Conservation | Fishing | Travel | TROUT Magazine

Spawning brookies in Moosehead Lake offer hope in the face of challenges

Large brook trout have been recorded spawning near shore in Maine's iconic Moosehead Lake.
Photo by Chris Hunt.

The headline was an attention grabber, and the story went viral almost instantly: “Monster Brook Trout Are Spawning  on Moosehead Lake’s Shore.” 

Based on my Facebook feed about half of my angling acquaintances immediately made plans for winter ice fishing or shoreline trolling right after ice out next May. 

Maine’s Moosehead Lake is legendary. The largest lake in New England, more than three times as big as Maine’s second largest lake, it’s 40 miles long and 10 miles wide. It is fed by two major rivers and dozens of small streams. The town of Greenville at the south end of the lake was an early destination for well-heeled anglers looking for native brook trout and lake trout. In the 20th century, landlocked Atlantic salmon were introduced as an additional sportfish, and were followed by illegal introductions of yellow perch and smallmouth bass.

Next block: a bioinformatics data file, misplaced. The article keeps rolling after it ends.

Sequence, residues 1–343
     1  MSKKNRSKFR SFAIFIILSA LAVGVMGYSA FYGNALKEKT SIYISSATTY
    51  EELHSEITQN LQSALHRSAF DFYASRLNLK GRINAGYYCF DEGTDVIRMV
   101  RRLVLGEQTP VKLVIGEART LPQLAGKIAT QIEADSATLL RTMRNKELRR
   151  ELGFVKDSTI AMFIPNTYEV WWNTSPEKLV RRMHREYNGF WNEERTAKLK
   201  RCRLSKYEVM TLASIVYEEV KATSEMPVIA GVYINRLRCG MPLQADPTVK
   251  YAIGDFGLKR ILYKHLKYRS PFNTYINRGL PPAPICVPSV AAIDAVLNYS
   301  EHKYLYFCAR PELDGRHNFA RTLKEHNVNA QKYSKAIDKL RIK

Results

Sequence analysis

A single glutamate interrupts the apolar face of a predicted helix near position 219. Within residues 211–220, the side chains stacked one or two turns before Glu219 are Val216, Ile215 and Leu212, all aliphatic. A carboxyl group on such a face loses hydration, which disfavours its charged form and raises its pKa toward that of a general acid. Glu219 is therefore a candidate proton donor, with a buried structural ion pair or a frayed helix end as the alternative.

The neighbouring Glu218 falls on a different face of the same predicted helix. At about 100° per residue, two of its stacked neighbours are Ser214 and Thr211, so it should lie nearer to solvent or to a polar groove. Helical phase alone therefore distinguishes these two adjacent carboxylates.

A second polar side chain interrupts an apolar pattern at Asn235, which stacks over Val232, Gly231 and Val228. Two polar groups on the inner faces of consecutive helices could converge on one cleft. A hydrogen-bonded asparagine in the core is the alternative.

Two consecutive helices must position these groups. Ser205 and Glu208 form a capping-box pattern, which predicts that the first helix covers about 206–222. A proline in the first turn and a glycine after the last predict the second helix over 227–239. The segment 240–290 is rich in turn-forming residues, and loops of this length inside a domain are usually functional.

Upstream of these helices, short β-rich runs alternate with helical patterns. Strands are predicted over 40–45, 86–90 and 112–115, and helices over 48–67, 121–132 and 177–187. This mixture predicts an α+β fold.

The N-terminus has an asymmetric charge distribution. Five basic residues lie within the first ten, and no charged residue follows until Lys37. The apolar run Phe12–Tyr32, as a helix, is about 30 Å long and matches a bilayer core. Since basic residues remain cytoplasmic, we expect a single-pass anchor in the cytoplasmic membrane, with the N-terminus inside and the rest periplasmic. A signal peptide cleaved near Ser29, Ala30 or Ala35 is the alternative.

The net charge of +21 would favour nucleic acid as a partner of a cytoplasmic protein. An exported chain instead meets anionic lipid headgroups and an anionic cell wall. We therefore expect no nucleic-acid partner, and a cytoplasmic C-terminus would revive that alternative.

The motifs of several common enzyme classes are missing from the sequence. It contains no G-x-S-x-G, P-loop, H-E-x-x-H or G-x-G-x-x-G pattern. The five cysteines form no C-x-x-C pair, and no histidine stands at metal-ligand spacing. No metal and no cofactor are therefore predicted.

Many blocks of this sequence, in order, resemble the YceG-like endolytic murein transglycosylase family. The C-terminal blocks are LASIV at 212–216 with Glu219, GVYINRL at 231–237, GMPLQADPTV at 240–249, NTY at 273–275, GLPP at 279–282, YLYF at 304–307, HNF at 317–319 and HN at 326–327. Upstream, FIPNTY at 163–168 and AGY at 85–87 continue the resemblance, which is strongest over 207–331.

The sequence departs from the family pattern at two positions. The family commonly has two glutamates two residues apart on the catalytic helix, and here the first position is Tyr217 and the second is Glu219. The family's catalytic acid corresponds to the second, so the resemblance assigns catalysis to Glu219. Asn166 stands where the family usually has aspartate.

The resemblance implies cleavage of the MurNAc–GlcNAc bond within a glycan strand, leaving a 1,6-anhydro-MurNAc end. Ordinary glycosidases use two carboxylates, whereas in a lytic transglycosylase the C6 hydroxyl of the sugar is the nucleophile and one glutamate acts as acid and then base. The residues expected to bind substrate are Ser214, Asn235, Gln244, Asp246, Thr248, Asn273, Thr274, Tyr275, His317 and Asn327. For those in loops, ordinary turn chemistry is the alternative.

Unlike many smaller Maine lakes, Moosehead’s brook trout population has sustained itself despite these competitors, and although there was some brook trout stocking in the past, today’s population is entirely wild.

Tim Obrey, the regional fisheries biologist who manages Moosehead Lake and the surrounding waters, has been studying Moosehead’s brook trout for most of his career. He conducted two ground-breaking studies on the Roach River and Socatean Stream, documenting significant migrations of brook trout from Moosehead Lake into these tributaries to spawn. His recent discovery of a potentially separate shoreline spawning population, which seems to comprise of older and larger brook trout than those that spawn in the tributaries, confirms a long-standing rumor.

While most of my fishing buddies are thinking about how and where to find one of those trophy brookies, I’m thinking of what those shoreline spawners mean for conservation. Fisheries biologists are beginning to think about the role of life history diversity and how a species that can use habitat in multiple ways may be more resilient to stress. 

Moosehead has its share of problems, from illegally introduced invasive fish to climate change to shoreline development. The persistence of the shoreline spawning life history strategy gives me hope. 

That they remained undiscovered until now fills me with wonder.